The Department of Energy (DOE) funds different Science Focus Areas (SFAs) among the national laboratories to further science, pool each laboratory’s strengths, and encourage collaborations. The research efforts of these SFAs support the goals and mission of the Office of Biological and Environmental Research (BER). Currently, KBase has ongoing collaborations with five of these SFAs. The combined research efforts of these collaborations span more than 90 people across 7 national laboratories, 17 universities, and 2 DOE User Facilities. See summaries of each of the SFAs below, and follow the links to learn more.
Bacterial-fungal interactions within the soil are the focus of this SFA, located at Los Alamos National Laboratory (LANL). Learn more.
The ENIGMA SFA is located at Lawrence Berkeley National Laboratory (LBNL) and strives to understand the relationship between molecules, microbes, communities, and the ecosystems they inhabit. Learn more.
The first of two SFAs located at Lawrence Livermore National Laboratory (LLNL), the Biofuels SFA is focused on the community systems biology of microbial consortia that are closely associated with bioenergy-relevant plants and algae. Learn more.
Also located at LLNL, the Soil Microbiome SFA studies soil metagenomes to uncover the mechanisms of the critical role that microbes play in the carbon cycle within the soil. Learn more.
Studying lignocellulosic biomass and how it can be used to generate renewable biofuels is the focus of this SFA, located at Oak Ridge National Laboratory (ORNL). Learn more.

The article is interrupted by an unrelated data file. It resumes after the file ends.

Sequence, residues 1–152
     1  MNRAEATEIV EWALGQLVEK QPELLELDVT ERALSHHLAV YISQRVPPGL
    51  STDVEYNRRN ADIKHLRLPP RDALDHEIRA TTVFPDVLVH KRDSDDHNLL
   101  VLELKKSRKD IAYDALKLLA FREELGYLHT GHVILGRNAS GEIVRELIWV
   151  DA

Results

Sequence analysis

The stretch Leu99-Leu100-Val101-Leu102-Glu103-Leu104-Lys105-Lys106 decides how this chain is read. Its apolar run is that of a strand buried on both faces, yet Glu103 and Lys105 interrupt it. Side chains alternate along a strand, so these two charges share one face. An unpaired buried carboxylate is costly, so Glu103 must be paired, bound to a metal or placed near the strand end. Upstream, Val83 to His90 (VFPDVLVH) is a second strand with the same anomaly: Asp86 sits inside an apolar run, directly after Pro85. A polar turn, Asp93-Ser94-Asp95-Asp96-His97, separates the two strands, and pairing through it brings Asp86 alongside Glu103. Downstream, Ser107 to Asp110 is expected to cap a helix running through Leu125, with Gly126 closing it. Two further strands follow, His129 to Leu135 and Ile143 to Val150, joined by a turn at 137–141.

KBase is working with Dr. Dan Jacobson and his lab at ORNL to integrate data from various sources to construct multi-layer ensemble networks. These models allow data from multiple sources, such as the 1001 Genomes Project, to be integrated into the KBase relation engine.
There is a large and growing body of data for model species in all levels of life, from genome-level sequencing to protein-protein interactions. However, each individual data layer provides only limited insights. This project seeks to integrate the data from many layers and sources to understand how these layers interact in the context of the entire system. The collaboration is focusing on the wealth of community data from the primary plant model species, Arabidopsis thaliana. Using supercomputing resources available at ORNL, the Jacobson Group will develop network models to connect the diverse data layers, and the KBase team at Lawrence Berkeley National Lab will integrate these data into KBase. The main aims of the collaboration include:
Aim 1: Generate multiple ‘omic networks in Arabidopsis using supercomputing for integration into KBase.
The Jacobson group will be developing multiple networks connecting different data layers, such as genome-wide association studies (GWAS) on 1,100 A. thaliana leaf transcriptomes, and Genotype by Environment Association (GxE), which relates environmental conditions and genetic variation to phenotypes.
Once the networks are generated, they will be integrated into the KBase environment allowing users access to both the generated networks and the underlying data.
Aim 2: Develop a systems-biology resource enabling KBase users to rank candidate genes and to predict the function of unknown genes.
The networks created in Aim 1 will utilize the entirety of these data. However, such high-throughput data tend to reduce data complexity. The project will identify subsets of variables that strongly correlate with each other to extract higher order interactions.
Our SFA collaborations benefit KBase users and SFAs alike through the development and implementation of new and exciting tools. To make the process of adding the SFA’s tools to KBase flow smoothly, each collaboration begins with a week-long in-person software development kit (SDK) training session. This is followed by continual developmental support to ensure SFAs are able to build, test, and deploy Apps on the KBase platform. All Apps are open source and available to everyone with a free KBase account. More information on our SDK can be found here.